Not In the Cards: Albert Pujols‘ run at the single-season home-run record dies a gruesome death as the big slugger with 25 homers heads to the DL with a Grade 2 oblique strain (“a tear big enough to feel with your finger,” yarggh) that could cost him six weeks. According to Marginal Lineup Value rate, that’s .651 runs per game the Cards have to replace. Also going down is the team’s leading pitcher, Chris Carpenter, doing 15 on the DL for an inflamed bursa sac. Meanwhile Jim Edmonds is trying to stave off his own trip to the DL due to a strained abdominal wall that still might be a sports hernia. Add it up and Cards could have 35 percent of their VORP sidelined in that trio. As if having Timo Perez on your roster–effectively (or not) as Pujols’ replacement in the lineup–wasn’t bad enough already.
Volatile: that’s how best to describe a team playing in the highest run environment of any in MLB (11.02 per game), one whose daily run differentials this past week were -11, +1, +5, +4, -7, +12 and -12. Can’t these guys make up their minds? One day it’s Travis Hafnercelebrating his 29th birthday with his third grand slam of the season, the next it’s ace C.C. Sabathiabeing scraped off the pavement after taking a pasting from a team whose offense is so weak (Angels) you could drown it in a bathtub. Or it’s the bizarro lineup where Casey Blake (.318/.397/.542) and Ben Broussard (.361/.399/.578) hit like gods while Jhonny Peralta (.236/.321/.350) slaps like Neifi. Really, it all comes down to the rotation, where the non-Sabathia hurlers have combined for a 5.52 ERA (nobody else is below 5.00) and 5.0 K/9, with a below-average defense (.686 Defensive Efficiency, nine points below the team as a whole, and 14 points below league average) behind them.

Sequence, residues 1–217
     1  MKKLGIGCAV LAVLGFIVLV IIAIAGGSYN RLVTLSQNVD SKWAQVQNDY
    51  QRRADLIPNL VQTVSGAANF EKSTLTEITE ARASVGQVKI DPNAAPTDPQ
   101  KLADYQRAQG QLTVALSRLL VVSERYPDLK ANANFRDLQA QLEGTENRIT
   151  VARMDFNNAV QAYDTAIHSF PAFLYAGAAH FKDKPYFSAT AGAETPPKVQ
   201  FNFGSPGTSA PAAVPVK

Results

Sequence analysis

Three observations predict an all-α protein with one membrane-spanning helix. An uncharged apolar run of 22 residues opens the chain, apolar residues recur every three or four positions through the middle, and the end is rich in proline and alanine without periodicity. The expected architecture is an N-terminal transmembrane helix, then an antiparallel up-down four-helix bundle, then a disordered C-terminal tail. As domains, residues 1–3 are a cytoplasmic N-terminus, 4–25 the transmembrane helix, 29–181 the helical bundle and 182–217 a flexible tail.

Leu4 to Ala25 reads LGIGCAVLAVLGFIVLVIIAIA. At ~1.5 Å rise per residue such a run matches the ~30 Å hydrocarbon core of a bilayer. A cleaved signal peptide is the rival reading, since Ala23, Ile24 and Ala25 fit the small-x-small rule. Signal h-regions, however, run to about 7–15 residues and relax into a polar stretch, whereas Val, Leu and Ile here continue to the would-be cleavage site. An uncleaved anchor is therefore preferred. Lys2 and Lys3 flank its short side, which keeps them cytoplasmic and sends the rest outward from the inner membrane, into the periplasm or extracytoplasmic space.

A sweep of the Astros helps the Reds assert themselves as Most Likely to Succeed in the NL Central Due to the Absence of Albert Pujols. Not that they’ve been ripping it up lately; in fact, Cincy had lost 12 out of 18 prior to the sweep, punting series to patsies like the Pirates and Cubs. That funk coincides almost exactly with the return of Ken Griffey Jr. to the lineup. Recall that Junior hit a walk-off homer in his May 11 return, but he hit just .217/.262/.400 in the next 15 games. A .407/.429/.630 week has him and the team back on the good foot, not to mention the trade radar, particularly for a certain pinstriped team that could swallow the $37 million he has left on his contract.
Show’s Over, Folks: the dust settles on 715, as Barry Bonds takes a breather and moves on through a completely unremarkable week (.273/.429/.273). The rest of the team follows suit, splitting six games on the road. Encouraging signs come from young and old, with 21-year-old Matt Cain continuing his recent run of success (4 ER in 19.2 IP since being skipped), 27-year-old rookie Eliezer Alfonsohomering in his big-league debut, and 41-year-old Steve Finley (9.0 VORP, up from last year’s -8.1) continuing his resurgence with a .320/.393/.520 week.